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The Story of Boscombe Convent School - 1


Convent of the Religious of the Cross     BOSCOMBE, HANTS

Under the Patronage of His Lordship the Bishop of Portsmouth

Boarding and Day School for Girls, Preparatory School for Boys.

The ordinary School Course may include any of the following subjects-

Religious Knowledge, English Language and Literature, Science, Mathematics, Modern and Classical Languages, History, Geography, Drawing, Choral Singing, Theory, of Music, Needlework, Physical Culture.

The Advanced Course includes Preparation for University Careers and External Degrees of the University of London.

A Domestic Science Course is arranged for girls above 17 years of age.

Entire charge taken of pupils whose parents reside abroad.

Sea-bathing, Swimming, Gymnastics, Games, under the supervision of a fully-qualified Resident Mistress.

For particulars, apply to the Reverend Mother Superior.



HISTORY OF BOSCOMBE CONVENT SCHOOL

1888 - 1980

DURING THE FRANCO-PRUSSIAN WAR of 1870 the Superior General of the Religious of the Cross, Reverend Mother Got, thought that it would be wise to open a house in England, where the sisters could find refuge if necessary. With this end in view, on 5th September, the day after the Proclamation of the French Republic, four sisters were sent from St. Quentin, France, to London.

They were hospitably received at the Convent of Mercy, Blandford Square, S.W., and in the following month were joined by four more of their sisters. In November of the same year the Reverend Mother General herself came over to London and was received kindly by Archbishop Manning.

After seeking reliable advice it was finally decided to settle in Bournemouth. Lady Georgiana Fullerton was among the friends who took a great interest in the proposal.

On 13th April 1871, the sisters took possession of a house in Branksome Wood Road and on 15th April a School, for boarders and a few day scholars, was opened.

Among the earliest small pupils at the Convent of the Cross, Bournemouth were Alphonso and Raphael Merry del Val who at that time were staying with their grandfather, Count de la Torrie Diaz. The younger of these boys, Raphael, later became a cardinal and Secretary of State to Pope Pius X.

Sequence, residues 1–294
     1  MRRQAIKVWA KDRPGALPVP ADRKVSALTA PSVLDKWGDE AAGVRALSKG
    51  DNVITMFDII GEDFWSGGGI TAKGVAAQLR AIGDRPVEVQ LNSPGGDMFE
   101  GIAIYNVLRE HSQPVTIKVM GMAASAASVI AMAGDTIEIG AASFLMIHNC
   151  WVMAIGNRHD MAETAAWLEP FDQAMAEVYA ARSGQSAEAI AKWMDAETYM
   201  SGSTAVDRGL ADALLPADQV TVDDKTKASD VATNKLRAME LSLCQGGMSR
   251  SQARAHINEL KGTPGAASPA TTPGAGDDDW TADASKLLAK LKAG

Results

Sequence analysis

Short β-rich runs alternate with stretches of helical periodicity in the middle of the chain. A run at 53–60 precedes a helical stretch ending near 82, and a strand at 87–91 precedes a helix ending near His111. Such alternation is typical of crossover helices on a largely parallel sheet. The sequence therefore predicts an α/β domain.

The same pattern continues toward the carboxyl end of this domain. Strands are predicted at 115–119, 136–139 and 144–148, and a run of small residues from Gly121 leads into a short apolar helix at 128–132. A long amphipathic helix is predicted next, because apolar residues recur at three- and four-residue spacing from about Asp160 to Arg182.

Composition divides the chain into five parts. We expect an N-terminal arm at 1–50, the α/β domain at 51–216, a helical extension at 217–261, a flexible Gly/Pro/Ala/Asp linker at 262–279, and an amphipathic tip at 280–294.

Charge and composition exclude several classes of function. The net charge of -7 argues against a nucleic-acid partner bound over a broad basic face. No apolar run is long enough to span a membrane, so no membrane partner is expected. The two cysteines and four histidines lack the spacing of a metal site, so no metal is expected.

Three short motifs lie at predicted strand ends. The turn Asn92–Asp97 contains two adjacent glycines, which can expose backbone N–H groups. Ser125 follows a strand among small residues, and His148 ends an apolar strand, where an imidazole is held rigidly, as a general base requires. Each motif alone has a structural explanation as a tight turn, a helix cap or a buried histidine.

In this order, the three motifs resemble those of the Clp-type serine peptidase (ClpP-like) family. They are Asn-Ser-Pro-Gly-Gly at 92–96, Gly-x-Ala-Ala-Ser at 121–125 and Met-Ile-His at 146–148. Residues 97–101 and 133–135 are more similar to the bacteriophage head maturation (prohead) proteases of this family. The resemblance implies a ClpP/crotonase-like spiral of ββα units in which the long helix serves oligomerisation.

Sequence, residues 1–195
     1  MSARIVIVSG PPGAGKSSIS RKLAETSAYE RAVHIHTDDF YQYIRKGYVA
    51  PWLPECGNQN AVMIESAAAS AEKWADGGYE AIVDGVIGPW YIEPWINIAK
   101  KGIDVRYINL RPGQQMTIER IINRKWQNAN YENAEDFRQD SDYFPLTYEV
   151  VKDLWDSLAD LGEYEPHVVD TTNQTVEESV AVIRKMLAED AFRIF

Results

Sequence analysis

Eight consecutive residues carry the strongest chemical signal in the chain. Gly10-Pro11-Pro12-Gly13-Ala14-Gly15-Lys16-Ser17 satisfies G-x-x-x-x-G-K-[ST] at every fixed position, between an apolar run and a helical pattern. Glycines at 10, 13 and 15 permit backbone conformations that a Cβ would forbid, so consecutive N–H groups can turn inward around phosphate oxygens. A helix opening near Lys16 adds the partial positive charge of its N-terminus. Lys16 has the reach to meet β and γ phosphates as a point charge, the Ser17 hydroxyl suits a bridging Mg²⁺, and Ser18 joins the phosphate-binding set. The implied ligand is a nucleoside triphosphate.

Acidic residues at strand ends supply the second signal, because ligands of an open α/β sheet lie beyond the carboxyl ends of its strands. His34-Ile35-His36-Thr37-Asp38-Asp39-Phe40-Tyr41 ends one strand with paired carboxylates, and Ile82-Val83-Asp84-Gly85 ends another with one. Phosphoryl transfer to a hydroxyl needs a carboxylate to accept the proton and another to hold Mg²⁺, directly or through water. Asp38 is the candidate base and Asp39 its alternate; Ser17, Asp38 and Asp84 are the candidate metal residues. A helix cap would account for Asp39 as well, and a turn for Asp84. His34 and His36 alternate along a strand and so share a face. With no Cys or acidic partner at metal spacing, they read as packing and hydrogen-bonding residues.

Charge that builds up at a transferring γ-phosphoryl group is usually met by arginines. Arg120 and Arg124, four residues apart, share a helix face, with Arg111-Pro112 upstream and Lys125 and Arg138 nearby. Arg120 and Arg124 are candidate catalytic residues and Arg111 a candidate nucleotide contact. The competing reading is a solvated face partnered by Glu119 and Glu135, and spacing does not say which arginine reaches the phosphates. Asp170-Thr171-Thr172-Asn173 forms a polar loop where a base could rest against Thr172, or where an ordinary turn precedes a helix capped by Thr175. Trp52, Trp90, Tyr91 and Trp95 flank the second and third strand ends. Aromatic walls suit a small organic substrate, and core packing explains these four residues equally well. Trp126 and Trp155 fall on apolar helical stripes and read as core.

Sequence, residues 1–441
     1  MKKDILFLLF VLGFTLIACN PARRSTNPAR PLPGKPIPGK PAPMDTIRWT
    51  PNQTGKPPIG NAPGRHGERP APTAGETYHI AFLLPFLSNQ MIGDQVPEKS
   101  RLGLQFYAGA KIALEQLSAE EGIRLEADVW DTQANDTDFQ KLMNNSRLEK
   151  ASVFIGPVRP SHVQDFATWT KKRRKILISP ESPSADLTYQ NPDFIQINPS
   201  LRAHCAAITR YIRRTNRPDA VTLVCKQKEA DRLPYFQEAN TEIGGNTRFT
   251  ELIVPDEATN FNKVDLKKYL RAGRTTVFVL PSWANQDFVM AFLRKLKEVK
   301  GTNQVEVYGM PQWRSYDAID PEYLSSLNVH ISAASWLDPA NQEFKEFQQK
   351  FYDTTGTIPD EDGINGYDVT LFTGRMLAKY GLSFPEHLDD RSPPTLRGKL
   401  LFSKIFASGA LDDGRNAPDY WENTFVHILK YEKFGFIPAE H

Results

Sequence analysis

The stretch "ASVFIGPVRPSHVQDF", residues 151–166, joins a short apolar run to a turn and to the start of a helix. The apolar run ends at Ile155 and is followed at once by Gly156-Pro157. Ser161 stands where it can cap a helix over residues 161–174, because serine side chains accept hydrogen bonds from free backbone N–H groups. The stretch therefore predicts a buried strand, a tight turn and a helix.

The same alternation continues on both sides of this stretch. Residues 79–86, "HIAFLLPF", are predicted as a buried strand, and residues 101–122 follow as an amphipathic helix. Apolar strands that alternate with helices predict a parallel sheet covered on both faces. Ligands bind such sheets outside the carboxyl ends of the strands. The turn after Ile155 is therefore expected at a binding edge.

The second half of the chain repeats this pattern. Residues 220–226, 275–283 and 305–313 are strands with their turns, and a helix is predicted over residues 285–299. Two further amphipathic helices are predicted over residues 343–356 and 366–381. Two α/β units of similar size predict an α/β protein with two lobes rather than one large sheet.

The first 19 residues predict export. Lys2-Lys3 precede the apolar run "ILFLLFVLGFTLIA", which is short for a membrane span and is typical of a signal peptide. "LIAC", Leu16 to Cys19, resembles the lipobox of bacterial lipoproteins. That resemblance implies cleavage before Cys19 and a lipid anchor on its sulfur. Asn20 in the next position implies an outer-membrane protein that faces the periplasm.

In January 1880 the Sisters of the Religious of the Cross took over the teaching at St. Walburga's School, which was then situated in Avenue Road, Bournemouth.

Mother Biggin was in charge and Mother Hustler assisted her. In January 1885, St. Walburga's School moved to Yelverton House in Yelverton Road, behind the present showroom of the Southern Electricity Board.

The convent in Branksome Wood Road was taken over by the Sisters of Mercy from London on 27th August 1887 and they re-established St. Joseph's Home for Invalids there. The original Home at the junction of Lansdowne and Madeira Roads had languished after the death of Lady Georgiana Fullerton in 1885.

The Religious of the Cross had decided to build a convent better suited to the requirements of a growing school and in 1887 land was purchased in Boscombe on the Portman Estate in an ideal situation, pleasantly wooded, secluded and close to the sea. During building operations the sisters took up residence, with their pupils, in a large house, since demolished, at the junction of Parkwood and Darracott Roads, Boscombe.

In 1887 the Reverend Dr. Vertue, Bishop of the Diocese of Portsmouth, presented the sisters with a small iron chapel which was erected in the newly purchased convent grounds, where the entrance drive on the western side is now. The chapel was formally blessed and opened on New Year's Day 1888 and it was used as the parish church until the opening of Corpus Christi in 1896.

The Foundation Stone of the new convent was laid on 6th September 1888 and Father Kerr, S.J., spoke of the tremendous work to be accomplished by the small group of sisters.

The architect was J.J. Carew Esq. of London and the first section to be built was the western wing up to, but not including, the main entrance. The builders were Messrs. Hoare of Bournemouth. The materials used were an outside facing of Purbeck stone with Chilmark and Wardour stone dressing; bricks were used for the interior. Each final gable is surmounted by a stone cross.

In September 1889 classes commenced in the new building. Reverend Mother Poulin was the superior who brought the little community from Bournemouth to Boscombe. For many years, Mother Louise Poulin's initials could still be seen carved on one of the stones of the grotto of Our Lady of Lourdes in the grounds.

Mother Poulin and Mother Bower also built the large Calvary and planted the 200 ferns there, brought from their old garden in Bournemouth for that purpose.
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